Chat Debate

Musicians who intentionally hit the wrong note, artists who embrace the unexpected, clueless tourists – we bring experts from around the world together to chat about innocent blunders and unforgivable faux pas in the arts, society, and the humanities. These conversations highlight how simple mistakes often contain a little bit of magic. Find out more about the power of mistakes in our chat debates.


A microphone on a concert stage.
Photo (detail): Bruno Emanuelle © Unsplash

“Mistakes are allies, not adversaries”

Charlotte Greve, Markus Mehr, and Andi Hörmann

People visiting an art gallery with modern paintings
Photo (detail): Mathilde Pée © Unsplash

“I like to be a choreographer of mistakes”

Emanuelle Dufour, Amitesh Grover, and Verena Hütter

Tourists taking pictures of the Taj Mahal in India
Photo (detail): © Unsplash: Ali Al-Sheiba

“Treat the country like your grandmother’s house” 

Afsha Shaik, Grégoire Boucher, and Christopher Kloeble

A pilot boat in Hamburg harbor
Photo (detail): Elias © Unsplash

“Sometimes scapegoats get fired”

Frank Hissenkaemper, Anya Malhotra, and Michael Krell

Exterior view of a pink illuminated cinema.
Foto (detail): © Unsplash/ Myke Simon

“I think mistakes are divine”

Tom DiCillo, Hal Hartley, and Andreas Ströhl


Grégoire Boucher © private Grégoire Boucher

lives in Montréal and works as a tour guide, organizing trips for students and teachers from all over Canada and the United States.
Grégoire’s contribution: “Treat the country like your grandmother’s house” 

Portrait of Tom DiCillo © Tom DiCillo Tom DiCillo

is an US-American film director and cinematographer, best known for his movies Johnny Suede and Living in Oblivion.
Tom’s contribution: “I think mistakes are divine”

Emanuelle Dufour © Lisa Graves Emanuelle Dufour 

is a drawing-anthropologist based in Montréal, working in the fields of Indigenous education, diversity, and inclusion.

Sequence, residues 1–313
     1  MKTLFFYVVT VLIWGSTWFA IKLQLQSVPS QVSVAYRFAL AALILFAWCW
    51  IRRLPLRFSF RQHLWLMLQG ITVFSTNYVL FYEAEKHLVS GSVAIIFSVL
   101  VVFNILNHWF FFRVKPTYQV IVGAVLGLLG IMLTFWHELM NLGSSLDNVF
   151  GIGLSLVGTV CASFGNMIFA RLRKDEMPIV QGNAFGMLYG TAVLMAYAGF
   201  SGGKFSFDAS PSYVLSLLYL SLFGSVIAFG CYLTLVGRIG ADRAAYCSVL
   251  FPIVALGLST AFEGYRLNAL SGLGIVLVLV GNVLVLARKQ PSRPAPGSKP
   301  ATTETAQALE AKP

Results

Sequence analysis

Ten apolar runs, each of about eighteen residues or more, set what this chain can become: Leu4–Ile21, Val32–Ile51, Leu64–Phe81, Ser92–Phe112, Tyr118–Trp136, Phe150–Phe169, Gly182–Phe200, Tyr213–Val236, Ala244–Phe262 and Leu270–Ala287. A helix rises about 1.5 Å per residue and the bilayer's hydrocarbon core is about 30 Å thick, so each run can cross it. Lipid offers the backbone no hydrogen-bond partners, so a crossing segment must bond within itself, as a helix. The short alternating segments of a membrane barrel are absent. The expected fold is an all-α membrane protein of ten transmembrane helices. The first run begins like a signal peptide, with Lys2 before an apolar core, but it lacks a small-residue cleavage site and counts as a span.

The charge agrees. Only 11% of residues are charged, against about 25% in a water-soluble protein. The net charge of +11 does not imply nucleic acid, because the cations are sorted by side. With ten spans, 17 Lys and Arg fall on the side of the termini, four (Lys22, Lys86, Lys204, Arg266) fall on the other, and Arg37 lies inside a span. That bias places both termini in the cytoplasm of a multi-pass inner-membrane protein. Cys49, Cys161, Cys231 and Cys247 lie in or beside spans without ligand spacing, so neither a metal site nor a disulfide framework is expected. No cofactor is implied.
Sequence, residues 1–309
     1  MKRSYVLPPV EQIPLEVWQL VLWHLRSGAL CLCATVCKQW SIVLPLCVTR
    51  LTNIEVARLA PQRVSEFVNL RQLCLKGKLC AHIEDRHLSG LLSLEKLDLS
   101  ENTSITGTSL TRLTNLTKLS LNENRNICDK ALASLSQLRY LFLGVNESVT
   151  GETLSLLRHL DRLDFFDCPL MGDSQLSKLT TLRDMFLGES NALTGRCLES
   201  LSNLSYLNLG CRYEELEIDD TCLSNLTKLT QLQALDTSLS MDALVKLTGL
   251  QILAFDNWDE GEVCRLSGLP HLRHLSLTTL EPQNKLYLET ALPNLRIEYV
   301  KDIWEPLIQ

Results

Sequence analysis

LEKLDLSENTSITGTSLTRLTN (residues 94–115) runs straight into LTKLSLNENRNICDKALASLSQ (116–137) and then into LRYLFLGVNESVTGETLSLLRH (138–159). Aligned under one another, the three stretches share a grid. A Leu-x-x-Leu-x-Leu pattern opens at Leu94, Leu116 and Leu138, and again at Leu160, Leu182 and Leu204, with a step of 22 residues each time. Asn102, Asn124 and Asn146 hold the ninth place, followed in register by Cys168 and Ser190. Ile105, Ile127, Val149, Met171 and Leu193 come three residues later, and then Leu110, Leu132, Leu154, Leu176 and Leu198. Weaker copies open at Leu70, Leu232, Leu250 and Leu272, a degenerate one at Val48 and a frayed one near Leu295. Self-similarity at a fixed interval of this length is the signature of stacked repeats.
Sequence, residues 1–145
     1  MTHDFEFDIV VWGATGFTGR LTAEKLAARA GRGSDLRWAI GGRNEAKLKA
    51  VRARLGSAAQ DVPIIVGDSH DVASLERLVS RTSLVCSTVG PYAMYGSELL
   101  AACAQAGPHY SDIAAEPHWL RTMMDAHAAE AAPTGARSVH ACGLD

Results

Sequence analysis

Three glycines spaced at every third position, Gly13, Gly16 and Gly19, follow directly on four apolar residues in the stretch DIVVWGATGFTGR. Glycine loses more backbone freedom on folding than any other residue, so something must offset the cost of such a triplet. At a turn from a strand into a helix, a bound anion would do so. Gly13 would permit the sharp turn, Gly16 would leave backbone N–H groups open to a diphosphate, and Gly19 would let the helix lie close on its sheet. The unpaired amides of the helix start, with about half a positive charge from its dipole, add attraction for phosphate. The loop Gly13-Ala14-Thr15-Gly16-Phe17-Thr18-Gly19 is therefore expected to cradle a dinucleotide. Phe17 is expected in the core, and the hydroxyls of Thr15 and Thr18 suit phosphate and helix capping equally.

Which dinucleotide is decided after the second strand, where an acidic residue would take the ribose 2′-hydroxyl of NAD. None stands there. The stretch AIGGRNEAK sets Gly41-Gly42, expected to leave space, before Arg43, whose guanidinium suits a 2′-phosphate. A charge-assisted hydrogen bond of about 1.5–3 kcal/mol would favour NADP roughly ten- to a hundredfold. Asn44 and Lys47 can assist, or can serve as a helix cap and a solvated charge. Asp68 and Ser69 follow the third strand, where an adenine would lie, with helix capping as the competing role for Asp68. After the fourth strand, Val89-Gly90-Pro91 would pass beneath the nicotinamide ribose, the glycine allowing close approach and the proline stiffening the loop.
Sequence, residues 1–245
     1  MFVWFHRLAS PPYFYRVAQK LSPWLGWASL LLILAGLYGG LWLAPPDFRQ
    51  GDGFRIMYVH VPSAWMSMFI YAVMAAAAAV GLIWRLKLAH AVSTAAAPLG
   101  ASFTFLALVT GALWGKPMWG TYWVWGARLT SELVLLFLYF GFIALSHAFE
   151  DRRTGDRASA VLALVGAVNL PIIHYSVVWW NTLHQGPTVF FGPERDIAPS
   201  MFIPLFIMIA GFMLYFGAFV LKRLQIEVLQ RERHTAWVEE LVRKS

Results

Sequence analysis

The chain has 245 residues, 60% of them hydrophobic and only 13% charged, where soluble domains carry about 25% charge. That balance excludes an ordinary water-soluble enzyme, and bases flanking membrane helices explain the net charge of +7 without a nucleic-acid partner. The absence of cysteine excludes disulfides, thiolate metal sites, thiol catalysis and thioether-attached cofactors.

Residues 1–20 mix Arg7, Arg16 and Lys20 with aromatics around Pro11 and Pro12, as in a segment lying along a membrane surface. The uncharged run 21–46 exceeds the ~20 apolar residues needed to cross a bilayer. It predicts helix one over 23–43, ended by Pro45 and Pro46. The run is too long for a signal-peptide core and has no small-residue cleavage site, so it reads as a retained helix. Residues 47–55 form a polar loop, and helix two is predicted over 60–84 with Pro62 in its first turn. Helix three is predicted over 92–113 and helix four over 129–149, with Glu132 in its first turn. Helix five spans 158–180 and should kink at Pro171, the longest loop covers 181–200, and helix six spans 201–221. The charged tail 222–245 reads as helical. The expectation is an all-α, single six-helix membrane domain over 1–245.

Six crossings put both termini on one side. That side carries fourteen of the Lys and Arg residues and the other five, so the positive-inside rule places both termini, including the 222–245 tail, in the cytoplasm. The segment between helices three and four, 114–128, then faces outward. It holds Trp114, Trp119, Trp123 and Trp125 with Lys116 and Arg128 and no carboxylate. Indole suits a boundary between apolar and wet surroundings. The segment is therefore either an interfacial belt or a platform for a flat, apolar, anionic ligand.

Emanuelle’s contribution: “I like to be a choreographer of mistakes”

Charlotte Greve © Annika Nagel Charlotte Greve

is an alto saxophonist from Hamburg. Based in New York for several years now, she plays mostly jazz. 
Charlotte’s contribution: “Mistakes are allies, not adversaries”

Amitesh Grover © Amitesh Grover Amitesh Grover

is a performer, director, writer, and curator based in New Delhi. His works are shown internationally in theaters, galleries, public spaces, and on the internet.
Amitesh’s contribution: “I like to be a choreographer of mistakes”

Portrait of Hal Hartley © Hal Hartley Hal Hartley

is an American film director and producer who is best known for his independent films, such as Henry Fool or The Book of Life.
Hal’s contribution: “I think mistakes are divine”

Frank Hissenkaemper © private Frank Hissenkaemper

has been a captain in the Hamburg pilot fleet since 2006.
Frank’s contribution: “Sometimes scapegoats get fired”

Andi Hörmann © privé Andi Hörmann

is a Munich-based radio journalist who works for Deutschlandfunk and other broadcasters.
Andi’s contribution: “Mistakes are allies, not adversaries”

Verena Hütter © Kopf & Kragen Verena Hütter

has been interested in irritations and deviations in otherwise flawless, symmetrical series since her studies at the Arts Academy in Karlsruhe and loves offbeat observations. At the moment, she is working in Washington, DC as the director of communications for the Goethe-Institut in North America.
Verena’s contributions: “I like to be a choreographer of mistakes”Placed in Hot Water, Packaging and All

Christopher Klobeble © Jens Oellermann Christopher Kloeble

is a writer and professor and lives in Berlin and New Delhi.
Christopher’s contribution: “Treat the country like your grandmother’s house” 

Michael Krell © Monik Richter Michael Krell

Having the courage to leave things incomplete, half-correct tax forms, and a preference for offbeat tones were the main arguments for his recently accepted application to the FEHLER team. Otherwise in his non-free time, he strives to avoid errors and limit damage as Online Editor at the Goethe-Institut Montreal.
Michael’s contribution: “Sometimes scapegoats get fired”The Peter Principle

Anya Malhotra © private Anya Malhotra

has been working as a freelance conference interpreter and translator for over 25 years. She grew up trilingually (English, German, and Hindi) and lives in her hometown Delhi.
Anya’s contribution: “Sometimes scapegoats get fired”

Markus Mehr © Frauke Wichmann Markus Mehr

is an experimental composer, musician, and producer from Augsburg.
Markus’s contribution: “Mistakes are allies, not adversaries”

Afsha Shaik © private Afsha Shaik

is a freelance tour manager in India. She has also worked as a yoga teacher, drama teacher, and for numerous NGOs in India.
Afsha’s contribution: “Treat the country like your grandmother’s house” 

Portrait of Andreas Ströhl © Bernhard Schmidt Andreas Ströhl

is the director of the Goethe-Institut Washington and the regional director of North America.
Andreas’s contribution: “I think mistakes are divine”